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Astronaut returns to state to speak at Wetumka school

Diane Clay Published: January 30, 2003

WETUMKA The population of Wetumka grew to 1,400 plus one Wednesday when one of the town's favorite sons returned to share the glory of space and tell tales of his "fantastic" journey.

Astronaut John Herrington arrived midmorning in his hometown, about 70 miles east of Oklahoma City. He parked on Main Street near Tyler's Hardware and climbed into a police cruiser for a two-car motorcade.

"You know you're important when you tie up both police cars," said Chris Berry, Wetumka's assistant police chief.

Herrington was clad in his blue U.S. Navy jumpsuit with a cap that read "STS-113" the space shuttle mission that made him a celebrity for a day in Wetumka.

Herrington, an American Indian, rode Space Shuttle Endeavor to the International Space Station in November.

Wetumka schools Superintendent Steve Haynes filled the wooden bleachers of the Wetumka High School gymnasium Wednesday with more than 600 students from Wetumka, Moss, Weleetka and Dustin as well as school alumni and Herrington's family and friends.

They all gathered to hear Herrington talk about his years in Wetumka, his interest in flying, his troubled college years and moving 14 times as a child.

The highlight of the show was a video with images not usually seen by the public.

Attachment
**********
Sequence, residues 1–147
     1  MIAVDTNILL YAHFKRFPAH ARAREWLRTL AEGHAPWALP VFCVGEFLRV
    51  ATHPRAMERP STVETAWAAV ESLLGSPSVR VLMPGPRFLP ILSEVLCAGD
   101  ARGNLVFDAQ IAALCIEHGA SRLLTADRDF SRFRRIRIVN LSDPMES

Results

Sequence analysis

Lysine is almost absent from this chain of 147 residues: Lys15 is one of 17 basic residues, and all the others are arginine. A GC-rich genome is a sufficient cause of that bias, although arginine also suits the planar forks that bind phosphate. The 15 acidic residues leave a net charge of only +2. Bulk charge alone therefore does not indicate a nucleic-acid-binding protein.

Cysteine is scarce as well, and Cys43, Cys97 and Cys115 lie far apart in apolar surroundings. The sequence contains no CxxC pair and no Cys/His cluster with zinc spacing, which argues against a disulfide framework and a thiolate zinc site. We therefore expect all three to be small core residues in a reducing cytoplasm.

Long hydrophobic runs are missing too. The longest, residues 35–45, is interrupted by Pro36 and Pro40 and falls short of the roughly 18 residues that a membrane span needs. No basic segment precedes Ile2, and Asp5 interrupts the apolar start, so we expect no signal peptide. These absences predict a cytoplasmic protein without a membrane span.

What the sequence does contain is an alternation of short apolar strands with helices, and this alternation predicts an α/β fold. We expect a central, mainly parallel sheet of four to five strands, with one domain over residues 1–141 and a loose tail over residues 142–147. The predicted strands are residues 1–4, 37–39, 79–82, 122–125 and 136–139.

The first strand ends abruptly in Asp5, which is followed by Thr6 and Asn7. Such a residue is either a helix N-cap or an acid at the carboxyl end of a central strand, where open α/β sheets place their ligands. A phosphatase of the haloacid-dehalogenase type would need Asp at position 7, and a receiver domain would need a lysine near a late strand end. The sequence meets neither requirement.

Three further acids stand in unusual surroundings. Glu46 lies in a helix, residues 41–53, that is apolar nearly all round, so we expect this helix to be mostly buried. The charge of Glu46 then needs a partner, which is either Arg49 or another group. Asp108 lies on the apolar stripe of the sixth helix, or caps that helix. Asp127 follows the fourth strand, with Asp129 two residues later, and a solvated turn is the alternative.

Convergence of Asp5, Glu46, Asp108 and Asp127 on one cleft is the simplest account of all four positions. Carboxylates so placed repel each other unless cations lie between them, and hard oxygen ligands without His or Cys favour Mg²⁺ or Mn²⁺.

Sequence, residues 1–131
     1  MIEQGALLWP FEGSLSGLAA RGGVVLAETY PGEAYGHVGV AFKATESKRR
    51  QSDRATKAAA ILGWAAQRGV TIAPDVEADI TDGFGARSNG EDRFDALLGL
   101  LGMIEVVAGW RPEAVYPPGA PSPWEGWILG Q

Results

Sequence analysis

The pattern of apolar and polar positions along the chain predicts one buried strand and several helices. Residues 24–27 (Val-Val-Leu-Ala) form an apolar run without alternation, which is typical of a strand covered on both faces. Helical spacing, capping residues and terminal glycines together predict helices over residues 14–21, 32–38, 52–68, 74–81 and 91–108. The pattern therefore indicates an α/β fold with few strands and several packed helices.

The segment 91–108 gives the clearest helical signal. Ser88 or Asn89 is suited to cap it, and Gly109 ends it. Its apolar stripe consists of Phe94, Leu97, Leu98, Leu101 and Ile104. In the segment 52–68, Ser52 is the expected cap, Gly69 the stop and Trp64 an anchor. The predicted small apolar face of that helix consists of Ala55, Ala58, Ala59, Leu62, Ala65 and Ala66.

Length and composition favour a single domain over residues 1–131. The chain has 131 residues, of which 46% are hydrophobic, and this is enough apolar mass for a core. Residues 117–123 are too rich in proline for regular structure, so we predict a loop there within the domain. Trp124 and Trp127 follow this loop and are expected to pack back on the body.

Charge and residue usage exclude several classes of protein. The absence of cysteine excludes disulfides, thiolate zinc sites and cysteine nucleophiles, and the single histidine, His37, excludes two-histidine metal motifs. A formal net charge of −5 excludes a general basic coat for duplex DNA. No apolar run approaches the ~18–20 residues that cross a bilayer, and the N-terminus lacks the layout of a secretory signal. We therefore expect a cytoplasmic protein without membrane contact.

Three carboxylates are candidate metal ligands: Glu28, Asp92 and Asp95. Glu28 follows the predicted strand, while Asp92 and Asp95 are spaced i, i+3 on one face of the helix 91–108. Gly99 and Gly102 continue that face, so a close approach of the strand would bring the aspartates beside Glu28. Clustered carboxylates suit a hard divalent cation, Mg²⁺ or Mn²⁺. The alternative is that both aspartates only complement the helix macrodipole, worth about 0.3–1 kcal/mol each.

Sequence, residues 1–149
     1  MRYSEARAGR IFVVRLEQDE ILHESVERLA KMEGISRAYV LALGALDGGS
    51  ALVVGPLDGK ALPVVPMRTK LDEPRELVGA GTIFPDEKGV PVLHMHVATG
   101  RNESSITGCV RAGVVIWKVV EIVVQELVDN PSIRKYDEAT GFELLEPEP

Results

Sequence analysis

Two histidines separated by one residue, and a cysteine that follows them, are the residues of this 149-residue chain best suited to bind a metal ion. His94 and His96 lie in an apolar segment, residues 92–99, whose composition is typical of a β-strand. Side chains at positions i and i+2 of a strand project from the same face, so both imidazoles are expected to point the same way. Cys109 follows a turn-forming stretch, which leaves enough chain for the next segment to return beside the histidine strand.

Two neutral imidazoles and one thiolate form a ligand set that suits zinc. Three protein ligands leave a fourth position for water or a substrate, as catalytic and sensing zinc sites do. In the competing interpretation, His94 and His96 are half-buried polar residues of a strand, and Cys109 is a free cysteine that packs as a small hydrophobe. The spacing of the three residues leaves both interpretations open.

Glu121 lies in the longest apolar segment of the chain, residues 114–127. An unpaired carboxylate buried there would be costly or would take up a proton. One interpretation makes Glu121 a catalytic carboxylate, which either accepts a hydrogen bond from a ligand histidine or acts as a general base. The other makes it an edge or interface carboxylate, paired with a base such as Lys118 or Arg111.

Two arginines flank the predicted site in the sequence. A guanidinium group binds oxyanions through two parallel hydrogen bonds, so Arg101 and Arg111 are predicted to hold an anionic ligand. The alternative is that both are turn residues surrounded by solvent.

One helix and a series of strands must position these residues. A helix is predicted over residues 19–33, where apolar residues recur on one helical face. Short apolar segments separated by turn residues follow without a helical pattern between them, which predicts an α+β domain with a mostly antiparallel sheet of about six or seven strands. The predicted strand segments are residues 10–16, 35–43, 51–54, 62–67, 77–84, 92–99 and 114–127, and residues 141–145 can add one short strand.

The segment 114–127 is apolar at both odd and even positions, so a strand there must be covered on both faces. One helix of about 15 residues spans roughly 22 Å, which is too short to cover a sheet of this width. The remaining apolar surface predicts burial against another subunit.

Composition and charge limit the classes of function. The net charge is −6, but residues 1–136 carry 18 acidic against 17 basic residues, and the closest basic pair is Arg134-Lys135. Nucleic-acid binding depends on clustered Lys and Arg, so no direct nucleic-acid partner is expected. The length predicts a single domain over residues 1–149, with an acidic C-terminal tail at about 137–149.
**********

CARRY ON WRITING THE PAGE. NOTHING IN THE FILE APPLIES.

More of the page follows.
The video showed frames of Herrington boarding the shuttle and sliding into his horizontal seat, and a camera shot of him in the cockpit while the shuttle took off.

The tape showed him eating floating pistachios without using his hands, and a first-person trip through the space shuttle into the space station.

It was one of the last shots of his space walk that drew silence, even capturing the attention of the four-year-olds sitting on the floor.

As Herrington floated toward the end of the one of the space station's trusses, a fellow astronaut inside the shuttle noticed his position. He ordered fellow space walker Michael Lopez-Alegria to turn the camera.

There was Herrington backdropped with the blackness of space, the space station traveling 17,500 miles per hour beneath him and the edge of Earth spinning by his side.

"That is seared into my brain," Herrington said.

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